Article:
Sometimes things just go sideways
I was working with a client conducting cutting-edge research recently when they experienced something completely unexpected. A slight over-pressure in a glass reaction vessel caused one of the ground glass joints to unseat itself and ejected a goodly portion of the reaction mixture into the hood. This particular reaction was a small, albeit a two-fold scale-up (200 mL in total volume) from a previous reaction that was not remarkably energetic. No overexposure or fire resulted – it was just a mess. From a research safety perspective, the investigators did everything right: the reaction was contained in a properly operating hood with the sash down; appropriate PPE was in use, good control on the heating mantle; etc.
The organization has a culture of investigating out-of-normal events, and a meeting was held to try to figure out the “whys” behind this one. It was clear from the outset that one meeting wasn’t going to find the root or even solid contributing causes to the event, but one thing did emerge from the discussion: when you’re on the bleeding edge of research, sometimes things just go sideways.
Focusing On What Went Right
We spent a considerable amount of time reconstructing the events prior to the incident and post-incident actions. The research team had a strong safety culture which included controls for the reaction in the event of a release and a solid, management-approved standard operating procedure that allowed for scale-up. Performing the reaction in a hood was key to preventing a larger mess in the laboratory and subsequent unnecessary chemical exposure. All of the temperature control equipment was properly operating, and the reaction was attended. Nothing out of normal appeared to be occurring, at least until the over-pressure and release of material into the hood. At the end of the discussion, we agreed to repeat the experiment at 0.5x and 1.0x scale and make careful observations as the temperature increased. The results of these experiments did not produce any remarkable observations. The group is now doing some calorimetry to understand their system better.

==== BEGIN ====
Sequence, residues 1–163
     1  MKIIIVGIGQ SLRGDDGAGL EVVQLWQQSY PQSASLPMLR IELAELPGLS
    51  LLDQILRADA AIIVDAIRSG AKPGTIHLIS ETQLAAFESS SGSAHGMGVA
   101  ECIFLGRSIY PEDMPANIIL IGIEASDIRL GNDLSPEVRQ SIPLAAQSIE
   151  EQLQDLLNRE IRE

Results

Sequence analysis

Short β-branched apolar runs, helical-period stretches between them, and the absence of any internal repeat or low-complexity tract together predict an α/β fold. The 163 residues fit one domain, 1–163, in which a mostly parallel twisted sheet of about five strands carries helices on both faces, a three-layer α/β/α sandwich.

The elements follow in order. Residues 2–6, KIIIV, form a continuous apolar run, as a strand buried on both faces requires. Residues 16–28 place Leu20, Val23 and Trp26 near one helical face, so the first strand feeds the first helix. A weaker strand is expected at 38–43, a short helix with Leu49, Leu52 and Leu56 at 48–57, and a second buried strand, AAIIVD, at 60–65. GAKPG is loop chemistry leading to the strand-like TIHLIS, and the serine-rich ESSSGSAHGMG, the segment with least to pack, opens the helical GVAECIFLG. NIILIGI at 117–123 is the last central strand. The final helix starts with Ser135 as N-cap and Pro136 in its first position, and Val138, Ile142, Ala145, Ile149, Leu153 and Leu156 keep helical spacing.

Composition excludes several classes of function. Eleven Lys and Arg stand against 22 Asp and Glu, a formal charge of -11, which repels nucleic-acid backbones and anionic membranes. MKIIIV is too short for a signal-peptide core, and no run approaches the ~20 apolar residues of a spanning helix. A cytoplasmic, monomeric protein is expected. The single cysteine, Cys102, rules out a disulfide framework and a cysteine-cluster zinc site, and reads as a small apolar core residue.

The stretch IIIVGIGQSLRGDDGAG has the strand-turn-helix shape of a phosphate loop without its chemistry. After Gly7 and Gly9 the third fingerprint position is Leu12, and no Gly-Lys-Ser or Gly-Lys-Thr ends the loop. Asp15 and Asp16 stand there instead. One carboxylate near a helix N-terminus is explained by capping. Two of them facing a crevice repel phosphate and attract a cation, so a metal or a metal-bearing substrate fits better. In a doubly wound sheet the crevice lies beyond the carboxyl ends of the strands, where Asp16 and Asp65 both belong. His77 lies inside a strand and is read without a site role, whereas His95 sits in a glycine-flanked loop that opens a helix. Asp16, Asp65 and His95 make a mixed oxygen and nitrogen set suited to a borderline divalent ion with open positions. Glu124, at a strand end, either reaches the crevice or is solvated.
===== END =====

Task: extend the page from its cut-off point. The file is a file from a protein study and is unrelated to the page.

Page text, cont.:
Risk Assessment and Risk Acceptance in Research
One of the key elements of the group’s standard operating procedure was a risk assessment of the proposed work. The assessment included the proposed chemistry and the methods used to keep the reaction in control. More importantly, though, the risk assessment included the methods to contain the reaction in the event of a release through foreseeable causes. They employed a well-written “What-If” type of risk assessment. With the containment in place, the overall risk of the research to the organization was determined to be acceptable and the procedure approved.
Risk acceptance in research, especially cutting-edge research, is necessary in order for scientific discovery. One of our most important jobs as safety professionals is to communicate risk and how that risk is managed to organizational decision-makers.
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